by Ravi Mangla
Of the steady accumulation of books in my apartment, I imagine nearly half were acquired at library book sales. This includes calorific comfort reads like the complete works of Flannery O’Connor, Wallace Stevens, Elizabeth Bishop, and Isaac Babel (these seasonal sales are lousy with collected volumes). While I purchase some books new, the rest are reaped — due to ongoing financial constraints — from cardboard boxes in library common rooms. (For the sake of self-aggrandizement, let’s call these books “rescues.”)
If I were the pious type, I would belong to the church of couponing. My soul sings for limited-time deals. These sales have become sacrosanct to me. Dates are circled on the calendar weeks in advance. I relish all aspects of the ritual, from claiming my colored number to lining up single-file (or some slight variation on this format). To the fiercer among us, these book sales resemble gladiatorial sport (sans lion). The early moments of a sale teeter precipitously between order and abject chaos. It wouldn’t take much to descend into outright looting. Each successive aisle presents a unique series of obstacles: parked strollers, motorized scooters, sinister twins in blue dresses. Standing room is at a premium, and I have learned to take light meals in order to draw in my gut. Yet for all the inadvertent skin contact, the sales have a decidedly celibate air. Chalk it up to the sleepy libidos of inveterate readers. (Our pheromones are slow swimmers.) We have come here with a solitary objective: to pillage and plunder. Fortune favors the nimble-fingered. Those unwilling to act swiftly and with a certain measure of abandon go home with coffee-stained Jodi Picoult or spineless Paul Reiser.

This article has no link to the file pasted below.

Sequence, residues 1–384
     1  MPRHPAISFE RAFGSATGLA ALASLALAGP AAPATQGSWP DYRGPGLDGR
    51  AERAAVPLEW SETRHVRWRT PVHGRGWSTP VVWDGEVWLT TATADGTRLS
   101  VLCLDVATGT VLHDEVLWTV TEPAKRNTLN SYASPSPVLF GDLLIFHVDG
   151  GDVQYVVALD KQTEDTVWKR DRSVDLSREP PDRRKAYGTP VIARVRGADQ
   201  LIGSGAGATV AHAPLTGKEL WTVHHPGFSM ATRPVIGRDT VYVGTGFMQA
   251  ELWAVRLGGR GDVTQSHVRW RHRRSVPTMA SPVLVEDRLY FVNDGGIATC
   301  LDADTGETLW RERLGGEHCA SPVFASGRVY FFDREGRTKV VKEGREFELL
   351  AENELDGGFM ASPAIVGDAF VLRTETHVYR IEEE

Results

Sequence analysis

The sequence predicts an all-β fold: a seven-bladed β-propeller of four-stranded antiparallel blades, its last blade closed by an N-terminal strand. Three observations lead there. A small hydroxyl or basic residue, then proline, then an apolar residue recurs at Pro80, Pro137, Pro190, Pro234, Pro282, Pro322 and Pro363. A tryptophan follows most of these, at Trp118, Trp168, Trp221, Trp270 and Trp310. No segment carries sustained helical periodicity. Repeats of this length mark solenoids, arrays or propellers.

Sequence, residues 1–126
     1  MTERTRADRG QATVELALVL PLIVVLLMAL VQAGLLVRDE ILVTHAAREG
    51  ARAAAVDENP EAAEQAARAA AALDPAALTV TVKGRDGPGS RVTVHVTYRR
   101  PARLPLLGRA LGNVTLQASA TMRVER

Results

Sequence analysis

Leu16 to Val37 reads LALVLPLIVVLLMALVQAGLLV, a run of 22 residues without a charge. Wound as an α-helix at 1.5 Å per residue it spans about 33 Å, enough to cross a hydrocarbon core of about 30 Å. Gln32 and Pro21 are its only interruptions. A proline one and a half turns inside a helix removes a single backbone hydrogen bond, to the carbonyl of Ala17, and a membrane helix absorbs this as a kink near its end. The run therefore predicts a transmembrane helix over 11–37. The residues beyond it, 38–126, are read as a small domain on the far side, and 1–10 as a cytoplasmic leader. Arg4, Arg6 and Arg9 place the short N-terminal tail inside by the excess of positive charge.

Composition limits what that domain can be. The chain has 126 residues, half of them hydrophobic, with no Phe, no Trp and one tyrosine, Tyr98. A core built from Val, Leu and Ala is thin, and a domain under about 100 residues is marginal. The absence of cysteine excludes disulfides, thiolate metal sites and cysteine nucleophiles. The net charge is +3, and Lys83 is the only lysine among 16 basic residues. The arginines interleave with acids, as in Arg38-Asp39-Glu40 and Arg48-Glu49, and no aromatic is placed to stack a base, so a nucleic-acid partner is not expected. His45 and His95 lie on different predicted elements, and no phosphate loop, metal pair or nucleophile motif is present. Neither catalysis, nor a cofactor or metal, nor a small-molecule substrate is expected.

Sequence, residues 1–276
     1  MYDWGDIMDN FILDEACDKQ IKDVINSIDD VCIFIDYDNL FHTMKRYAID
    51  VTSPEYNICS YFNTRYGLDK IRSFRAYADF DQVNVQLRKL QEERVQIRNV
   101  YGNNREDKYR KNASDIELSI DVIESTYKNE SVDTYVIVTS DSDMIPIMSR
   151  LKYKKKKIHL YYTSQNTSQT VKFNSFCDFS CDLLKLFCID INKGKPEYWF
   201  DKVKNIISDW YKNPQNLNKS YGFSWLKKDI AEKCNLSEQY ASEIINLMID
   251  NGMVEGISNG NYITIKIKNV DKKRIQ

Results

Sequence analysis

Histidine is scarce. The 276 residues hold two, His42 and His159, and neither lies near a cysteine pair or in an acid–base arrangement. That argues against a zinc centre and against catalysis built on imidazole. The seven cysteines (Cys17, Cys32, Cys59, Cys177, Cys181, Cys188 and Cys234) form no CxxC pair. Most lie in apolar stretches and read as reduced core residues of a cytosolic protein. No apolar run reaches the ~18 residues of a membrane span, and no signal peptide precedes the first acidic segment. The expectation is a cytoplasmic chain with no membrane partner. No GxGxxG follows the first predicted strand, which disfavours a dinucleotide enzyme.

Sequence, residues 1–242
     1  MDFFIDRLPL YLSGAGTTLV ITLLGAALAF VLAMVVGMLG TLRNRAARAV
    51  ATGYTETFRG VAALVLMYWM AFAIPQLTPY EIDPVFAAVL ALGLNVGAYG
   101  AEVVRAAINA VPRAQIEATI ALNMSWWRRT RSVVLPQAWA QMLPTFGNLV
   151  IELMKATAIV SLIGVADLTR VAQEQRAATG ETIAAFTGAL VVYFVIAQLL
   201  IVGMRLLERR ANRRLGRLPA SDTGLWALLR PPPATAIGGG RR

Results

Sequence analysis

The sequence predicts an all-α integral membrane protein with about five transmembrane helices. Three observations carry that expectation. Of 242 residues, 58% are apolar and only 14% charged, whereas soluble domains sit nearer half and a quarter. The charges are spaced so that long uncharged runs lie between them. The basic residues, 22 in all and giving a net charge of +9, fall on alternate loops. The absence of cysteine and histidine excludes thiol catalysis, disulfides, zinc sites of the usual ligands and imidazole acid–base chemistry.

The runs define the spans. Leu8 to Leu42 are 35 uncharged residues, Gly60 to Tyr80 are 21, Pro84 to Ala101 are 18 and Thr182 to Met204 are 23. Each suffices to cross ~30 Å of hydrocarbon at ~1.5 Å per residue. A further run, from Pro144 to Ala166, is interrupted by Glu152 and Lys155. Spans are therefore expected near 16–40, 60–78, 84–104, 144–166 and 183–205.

There’s an arcane beauty to be found in used books. Each volume bears a secret history. In the same way a painting gains value from the pedigree of its previous owners, so too does a book grow in personal worth by the quality of its provenance, the amount of love that was lavished upon it by past readers. Inscriptions, initials, underlines — all indicate layers of lived experience, the inky residue of deep attachment. To purchase a used book is to secure entrée into an exclusive club, to be part of an ongoing lineage of readers.
At some point I realized how easy it would be to snatch paperbacks indiscriminately and sell them at the box bookstore down the street for a neat profit. But this seemed a shameless breach of etiquette, a seedy way to score a quick buck. I have no doubt others have caved to the temptation. If reading is supposed to make us more compassionate creatures (and I’m not saying that it does), I wonder about all the small quarrels I’ve witnessed: spats over the latest James Patterson offering, the covert shoves and elbows. Sometimes human compassion takes a little practice. If someone has blocked your only avenue of access to the mystery novels, don’t push them aside, don’t complain. Wait. If an elderly woman needs a hand carrying her books to the counter, help her. If a pendulous purse wallops you in the back, don’t confront the offender. Let them pass. And if a toddler, separated from its guardians, tugs at your shirt sleeve and asks for your copy of The Little Prince, give it to her.
Used Book Highlights
• The Principles of Uncertainty by Maira Kalman — $1 (absolutely delightful book)
• The Little Disturbances of Man by Grace Paley — $2.16 (signed by Paley: For Victoria, Grace Paley, Feb 3 Paris ‘89)
• The Quarterly Issue #1 — $0.50 (legendary and long defunct literary magazine)
• The Anchor Book of New American Short Stories — $1 (the word “seven” is repeatedly underlined by previous owner/serial killer)
• The Collected Stories of Isaac Bashevis Singer — $0 (how can you beat that?)
Ravi Mangla is the author of the novel Understudies (Outpost19). His work has appeared in the Los Angeles Review of Books, The Rumpus, Electric Literature, and McSweeney’s Internet Tendency. He tweets @ravi_mangla.
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